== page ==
Book Review: Why I’m No Longer Talking to White People About Race

Back in June, amidst the resurgence of the Black Lives Mater movement, Reni Eddo-Lodge became the first black, British author to top the UK book charts. Although I purchased the book a few years ago, I felt like there was no better time to read it than now. This post is a little long but bear with me, because it is an important book with lots to unpack. You can fast forward to the snapshot pros and cons if you wish!

Why I’m No Longer Talking to White People About Race

Reni-Eddo Lodge

Bloomsbury, 2017

Genre: Non-fiction

Rating: 4 out of 5.

The long review

I’m going to start with the content, as I feel this really makes the book excel. Reni Eddo-Lodge takes a thematic approach to frame her argument and the entirety of the book. Essentially, she argues that the types of conversations we have about race in Britain need to drastically change. Instead of just acknowledging racism, white people need to realise the extent of their own unconscious bias and how deeply embedded this is within the parameters of British society.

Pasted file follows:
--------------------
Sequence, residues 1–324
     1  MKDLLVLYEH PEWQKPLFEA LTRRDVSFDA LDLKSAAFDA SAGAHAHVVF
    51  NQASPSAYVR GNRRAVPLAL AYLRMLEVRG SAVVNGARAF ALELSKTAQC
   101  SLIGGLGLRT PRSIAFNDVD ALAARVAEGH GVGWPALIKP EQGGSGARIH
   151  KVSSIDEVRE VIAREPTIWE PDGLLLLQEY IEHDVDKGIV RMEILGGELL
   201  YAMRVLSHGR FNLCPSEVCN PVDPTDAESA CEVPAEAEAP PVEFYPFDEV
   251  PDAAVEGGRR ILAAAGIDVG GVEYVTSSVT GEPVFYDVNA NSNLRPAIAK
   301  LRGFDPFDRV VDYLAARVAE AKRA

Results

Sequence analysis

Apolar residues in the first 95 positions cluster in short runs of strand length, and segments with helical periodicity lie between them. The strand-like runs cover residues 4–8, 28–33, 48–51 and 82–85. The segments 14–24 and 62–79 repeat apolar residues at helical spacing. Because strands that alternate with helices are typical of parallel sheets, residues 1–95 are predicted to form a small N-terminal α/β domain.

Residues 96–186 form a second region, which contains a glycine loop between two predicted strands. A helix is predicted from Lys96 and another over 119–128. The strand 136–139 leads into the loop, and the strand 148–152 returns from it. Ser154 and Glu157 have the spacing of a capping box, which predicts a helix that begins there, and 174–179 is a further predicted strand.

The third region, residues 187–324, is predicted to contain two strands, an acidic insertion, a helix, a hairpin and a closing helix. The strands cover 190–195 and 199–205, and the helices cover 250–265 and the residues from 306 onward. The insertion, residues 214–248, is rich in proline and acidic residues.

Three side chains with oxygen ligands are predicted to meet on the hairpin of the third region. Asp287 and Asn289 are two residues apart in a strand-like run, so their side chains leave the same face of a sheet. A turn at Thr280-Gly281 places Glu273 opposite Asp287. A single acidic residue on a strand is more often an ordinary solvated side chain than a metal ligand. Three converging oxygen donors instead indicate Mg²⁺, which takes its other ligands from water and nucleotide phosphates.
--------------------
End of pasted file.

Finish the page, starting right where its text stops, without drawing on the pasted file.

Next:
Eddo-Lodge explores this argument with many different angles, including a brief historical overview of race in Britain, the criminal justice system, and analyzing the weaknesses of traditional feminist and class frameworks. Creating a thematic approach really enables the reader to understand how racism has been so built into our present system and what me must do to de-tangle it.

I particularly enjoyed reading the feminism section as it was truly eye opening and made me realise the limitations of its traditional white origins. Eddo-Lodge argues, “Feminism needs to demand a world in which racist history is acknowledged and accounted for, in which reparations are distributed, in which race is completely deconstructed.” I also really benefited from her explanation of white privilege, “Neutral is white. The default is white” and know that I will use this understanding to frame my own discussions I have with people about race.